My interest in Inuit art was kindled in 1983 while attending a chemistry conference in Waterloo, Ontario. The university there had a small gallery and I fell in love with a whale sculpture on display. Later that week the plenary lecturers at the conference presented the organizer with this same sculpture so I know it has a good home! In 1991 I married Thalia, a Canadian citizen, thus my trips to Canada became frequent and my exposure to Inuit art much broader. I learned many Canadian homes have a soapstone carving. We started small but after a couple of years another whale sculpture ”spoke to me“ and over the years our Inuit collection has grown to more than sixty mostly large carvings and several prints. These are juxtaposed to a somewhat smaller collection of Northwest Coast Indian art, and an eclectic collection of oil paintings as well as motorsports images which include two Inuit race car carvings. The IAS has been a wonderful find for us as we have been able to learn so much more about the culture and the art than we had been doing on our own. Meeting the artists who have presented at the annual meetings has been especially enriching. Inuit artists in our collection include: Nuna Parr, Kenojuak Ashevak, Ashevak Tunillie, Pitseolak Niviaqsi, Ohito Ashoona, Kellypalik Qimirpik, Lucassie Ikkidluak, Jaco Ishulutaq, Peter Sevoga, Lucy Tasseor, Tim Pitseolak, Noah Jaw, Eyeetsiak Peter, Jonasie Faber, David and Abraham Ruben, and Floyd Kuptana. The pieces were all selected for their ability to communicate with us and stir our emotions. They also do a wonderful job of helping Thalia feel connected to her homeland. We look forward to traveling to the arctic and experiencing the culture firsthand.
Carol P. Klein, Board Member
I have always been a collector of many types of art, in part as a result of my college art education. Upon making my first purchase of Inuit art in Canada, sometime in the 60’s, the beginning of my collection and my love of the art — primarily sculpture, but graphics as well — was formed. Today, that first piece is still one of my favorites. My pieces have been found in Canada, California, our IAS meetings and primarily Michigan, from the Dennos Museum to estate sales and flea markets, as well as one from an IAS member.
Marie McCosh, Board Member
I have been collecting Inuit art since 1972 when a move to Maine gave me a chance to visit an Inuit art gallery in St. Andrews, New Brunswick. We have collected sculpture and prints and make regular trips to Sivertson Gallery’s Inuit art premieres in northern Minnesota. There my daughter and I had the opportunity to take a sculpture call from Ohito Ashoona. Our family’s interest [in Inuit art] is multi-generational – my father passed on some smaller sculptures to the family and several of my children share our interest. I work in the Minneapolis School District in a middle school and have a bachelor’s degree in anthropology with a focus on folklore.
Fred Sparling, Secretary
Joyce and I started collecting Inuit art in the 1980s with one small piece, two birds pegged to a base. I learned that when they faced each other, all was well, but when facing different directions, we needed to communicate better. Love of the art started a quest to see the land and meet the people. Over a decade we visited Baker Lake, Arviat, and Igloolik multiple times, and many other communities at least once. The trips included two Adventure Canada cruises, four canoe trips on some of the great Barren Grounds rivers of the central Inuit, and visits with families in their hamlet homes and in their tundra camps. We became friends with many Inuit, including some well known artists. I am delighted to be able to share with like-minded people, and as the newest member of the Board, to working with the IAS to promote appreciation of the art, and the culture. As a North Carolinian, I hope to help represent the many fans of Inuit art who live outside of the upper Midwest base of the society.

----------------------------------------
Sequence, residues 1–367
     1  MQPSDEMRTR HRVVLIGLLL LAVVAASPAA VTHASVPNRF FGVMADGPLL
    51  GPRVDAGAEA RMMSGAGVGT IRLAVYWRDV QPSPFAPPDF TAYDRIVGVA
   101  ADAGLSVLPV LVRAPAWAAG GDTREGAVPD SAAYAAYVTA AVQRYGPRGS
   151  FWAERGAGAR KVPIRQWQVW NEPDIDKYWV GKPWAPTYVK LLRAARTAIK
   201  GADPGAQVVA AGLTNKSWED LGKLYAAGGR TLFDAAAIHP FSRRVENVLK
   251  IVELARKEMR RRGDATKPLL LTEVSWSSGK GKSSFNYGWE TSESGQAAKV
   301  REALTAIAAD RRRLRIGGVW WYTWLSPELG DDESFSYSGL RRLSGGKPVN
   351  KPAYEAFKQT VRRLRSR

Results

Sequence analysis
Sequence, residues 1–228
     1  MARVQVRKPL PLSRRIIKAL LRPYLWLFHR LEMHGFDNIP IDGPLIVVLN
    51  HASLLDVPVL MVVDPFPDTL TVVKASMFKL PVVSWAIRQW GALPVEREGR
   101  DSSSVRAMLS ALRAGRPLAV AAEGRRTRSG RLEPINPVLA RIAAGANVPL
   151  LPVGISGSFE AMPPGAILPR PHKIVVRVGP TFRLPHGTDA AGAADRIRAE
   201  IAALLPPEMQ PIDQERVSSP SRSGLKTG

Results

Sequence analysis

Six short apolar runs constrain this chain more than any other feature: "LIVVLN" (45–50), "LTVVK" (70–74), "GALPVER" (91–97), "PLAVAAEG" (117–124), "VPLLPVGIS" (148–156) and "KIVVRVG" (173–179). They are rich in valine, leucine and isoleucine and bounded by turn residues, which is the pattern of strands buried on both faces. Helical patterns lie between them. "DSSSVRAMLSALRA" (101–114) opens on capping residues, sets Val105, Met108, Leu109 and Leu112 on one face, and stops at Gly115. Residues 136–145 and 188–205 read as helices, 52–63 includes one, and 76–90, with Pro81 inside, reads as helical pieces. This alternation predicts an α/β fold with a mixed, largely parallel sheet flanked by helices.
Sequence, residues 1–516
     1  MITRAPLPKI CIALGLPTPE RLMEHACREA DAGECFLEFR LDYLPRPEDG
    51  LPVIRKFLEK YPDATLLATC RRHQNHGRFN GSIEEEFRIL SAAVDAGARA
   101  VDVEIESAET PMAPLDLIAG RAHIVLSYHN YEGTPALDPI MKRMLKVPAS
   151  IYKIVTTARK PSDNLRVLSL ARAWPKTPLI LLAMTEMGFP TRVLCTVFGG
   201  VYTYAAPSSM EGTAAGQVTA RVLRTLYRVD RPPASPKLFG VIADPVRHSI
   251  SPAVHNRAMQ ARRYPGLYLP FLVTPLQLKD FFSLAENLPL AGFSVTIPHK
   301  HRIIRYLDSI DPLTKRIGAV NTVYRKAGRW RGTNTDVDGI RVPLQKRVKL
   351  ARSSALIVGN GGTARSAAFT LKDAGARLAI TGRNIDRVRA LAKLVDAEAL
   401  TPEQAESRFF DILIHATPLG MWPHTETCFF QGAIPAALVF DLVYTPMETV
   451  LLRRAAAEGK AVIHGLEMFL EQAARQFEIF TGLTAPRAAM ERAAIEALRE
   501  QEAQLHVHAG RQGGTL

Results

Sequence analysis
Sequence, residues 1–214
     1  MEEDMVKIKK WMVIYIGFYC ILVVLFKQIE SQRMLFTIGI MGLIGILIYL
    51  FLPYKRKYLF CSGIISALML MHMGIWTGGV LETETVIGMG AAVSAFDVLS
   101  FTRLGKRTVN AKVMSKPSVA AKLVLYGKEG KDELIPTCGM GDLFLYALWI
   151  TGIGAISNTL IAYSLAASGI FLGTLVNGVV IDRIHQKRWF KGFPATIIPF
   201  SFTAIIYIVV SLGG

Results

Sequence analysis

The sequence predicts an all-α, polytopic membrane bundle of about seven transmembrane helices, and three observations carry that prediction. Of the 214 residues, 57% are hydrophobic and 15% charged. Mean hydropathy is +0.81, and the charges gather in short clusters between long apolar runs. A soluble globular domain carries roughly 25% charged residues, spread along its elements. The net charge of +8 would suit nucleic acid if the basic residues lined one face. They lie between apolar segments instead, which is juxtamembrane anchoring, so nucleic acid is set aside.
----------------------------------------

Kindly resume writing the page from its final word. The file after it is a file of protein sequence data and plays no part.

Board Members Emeritus
My introduction to Inuit culture began in 1976 and was a total accident. I had taken my children to Toronto for the weekend and the science museum was on the agenda. They had a live demonstration of an Inuit camp with men and women working on projects and throat singing. We left with two small soapstone carvings and the seed of an interest that world come to be an important part of my life. I found other soapstone pieces as I sailed (my other passion) the North Channel of Georgian Bay and other Canadian waters. This was followed by my discovery of the Dennos Museum in Traverse City. Now I had a regular source of Inuit sculpture. As fate would have it, my brother settled in Traverse City and the water there is dependably deep for my boat. What good reasons beyond a good source of Inuit art to retire to that community. So that is where I can be found.
The next big event was reading about a meeting in Dearborn, MI of people interested in Inuit art. I was able to attend and the rest is history. I am a member of the Inuit Art Society and happy to have found like-minded souls who are touched by this art form.
Claude M. Weil
My first introduction to Inuit (then Eskimo) art occurred in 1971 when I was Director of the Center for Continuing Education at the University of Chicago. A gentleman named Earl Wadjyk, who owned an Eskimo Art Gallery in Madison, Wisconsin called The Great White Bear, approached me and asked whether he might rent some of our space to exhibit and sell some of his wares. Not knowing anything about Eskimo art, I found the idea intriguing and approved his request. A few months later he came for his first show and I was smitten, though I made only a couple small and rather tentative purchases: a head by Ovilu from Eskimo Point and a mother and child by Tuksweetok, also from Eskimo Point. Earl returned to our Center twice annually until 1981 and I started making more substantial purchases, both sculptures and prints. Additionally, my brother had moved to Saskatoon, Canada and my visits there exposed me to further temptation. I also found that the Department of Interior in Washington had a very nice shop where Inuit art could be bought – primarily from Alaska. With the founding of the Inuit Art Society, I became a more regular purchaser and have built a substantial collection of sculptures, prints and other Inuit artifacts. I’ve visited the IAF festival in Ottawa and recently visited Iqaluit. What is it that draws me to Inuit Art. It is part of my interest in folk art acquired while traveling in many parts of the world. I find that Inuit pieces particularly speak to me very directly. They create an intimacy which few other art forms do. I hope that the endearing quality of naiveté will not be lost as Inuk artists are exposed to more sophisticated forms of art.